The Roar
The Roar

Advertisement
Advertisement
Advertisement

Opinion

The case for offering COVID-19 vaccines to athletes

Autoplay in... 6 (Cancel)
Up Next No more videos! Playlist is empty -
Replay
Cancel
Next
Roar Guru
19th January, 2021
46

The UK Government recently accepted St Helens RFC’s offer to use their Totally Wicked Stadium as a mass-vaccination centre (although with typically health-conscious BBC neutrality, they weren’t allowed to refer to its sponsored naming by an e-cig firm).

While it’s great news, I find it somewhat ironic that the people responsible for the existence of such an arena, the players of the club, won’t be hearing from the NHS for a while to come.

Despite the somewhat misleading title, I’m in no way advocating the prioritisation of fit, healthy athletes with a statistically insignificant risk to coronavirus over the vulnerable.

It’s not a case of Greg Inglis shoulder-charging Doris out of the queue, or John Bateman giving the biff to Betty.

I’m aware that the situation is different in Australia to allow for a more leisurely start to vaccination (although with billions being lost to border closures, there does seem to be some needless foot-dragging), but the situation will still apply as and when regulatory approval is granted.

There are already options for sporting bodies to bulk-buy directly from vaccine manufacturers instead of using government supplies, like the NHL suggested. Paying for batches, rather than drawing upon the state, investing in infrastructure that can later be used for public roll-out, would have benefits in the short and long-term immunisation effort.

Advertisement
Advertisement

But if such a commercial arrangement is not available, there are still good reasons for pushing athletes up the priority list.

If data out of Israel is to be believed, then receiving the vaccine should massively reduce the chances of transmission. This would alleviate the need for bi-weekly testing, with the money and resources being pumped back into the health service, as has been put forward by EPL managers.

But there also exists the reasoning of appreciation for what the players have done and continue to do.

NZ Warriors

(Ashley Feder/Getty Images)

I’ve written ad infinitum about how sport preserved what’s left of my sanity. Not above and beyond the prioritisation of everything else, but I’m sure there’s a small minority that agrees the preservation of sport should be strived for. The roll-out of vaccines to athletes and officials would go a long way to keeping the show on the road.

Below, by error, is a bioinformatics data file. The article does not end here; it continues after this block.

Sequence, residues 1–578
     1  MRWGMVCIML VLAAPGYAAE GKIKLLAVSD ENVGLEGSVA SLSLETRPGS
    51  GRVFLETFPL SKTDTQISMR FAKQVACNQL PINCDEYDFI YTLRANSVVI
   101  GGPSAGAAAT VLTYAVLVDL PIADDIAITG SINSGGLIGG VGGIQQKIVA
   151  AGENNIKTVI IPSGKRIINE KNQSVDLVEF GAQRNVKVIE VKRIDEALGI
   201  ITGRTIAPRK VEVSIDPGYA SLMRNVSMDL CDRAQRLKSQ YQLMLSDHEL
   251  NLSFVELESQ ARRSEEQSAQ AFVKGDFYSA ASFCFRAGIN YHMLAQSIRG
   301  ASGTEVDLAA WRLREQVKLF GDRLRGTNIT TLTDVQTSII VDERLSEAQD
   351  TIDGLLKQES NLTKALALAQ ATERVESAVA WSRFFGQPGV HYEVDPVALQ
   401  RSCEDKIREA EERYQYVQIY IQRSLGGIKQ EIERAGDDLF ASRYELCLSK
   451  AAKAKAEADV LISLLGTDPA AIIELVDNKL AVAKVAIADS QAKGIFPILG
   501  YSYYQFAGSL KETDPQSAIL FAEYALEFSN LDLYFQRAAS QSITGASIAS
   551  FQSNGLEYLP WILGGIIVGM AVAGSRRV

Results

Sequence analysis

Once the over 70s and clinically vulnerable are jabbed, those in public-facing roles (teachers, supermarket workers, bus drivers, etc) are reportedly to be bumped up the list. Despite the existence of player bubbles of various porosity, sweating and breathing over dozens of other athletes for hours is about as interactive as you get.

There’s also a rather crude economic argument. Even behind closed doors, sports generates millions in economic revenue at a time when income streams have been decimated. From TV rights, advertising, merchandise sales and foreign investment, sport is a multi-billion-dollar industry beneficial to both health and wealth.

As much as I offer rational explanations for such an outcome, my interest is also driven by a fair degree of selfishness. The suspension of sport once again really would send me over the edge, but there are societal arguments supported by the majority that the vulnerable must be protected.

Advertisement
Advertisement

There are different arguments for different sports. NRL and AFL players could be freed of bubble life, rewarding them for their sacrifices in keeping the show on the road. But do Sheffield Shield players, engaging in the most socially distanced sport imaginable, need to be prioritised? These are difficult questions that exist in a morally ambiguous grey zone, that ultimately no one will be happy with.

Sports opinion delivered daily 

   

There also exists the issue of vaccine refusal once they become readily available for the general population. The anti-vax movement seems to be relatively inconsequential, but one only needs to remember how Project Apollo was almost derailed by the flu vaccine hullabaloo with the Gold Coast Titans.

Should it be mandatory for players? My instincts would say no (just), but that is a decision entirely up to Australian governments and sports bodies, and I am well aware of the (so far successful) position taken against those who refuse vaccination.

Advertisement
Advertisement

There will be plenty of arguments to come in society as to how and when restrictions ease, who gets priority and why. But I for one would not be displeased if those that have kept me sane during these crazy times are rewarded and afforded every means to keep the show going on.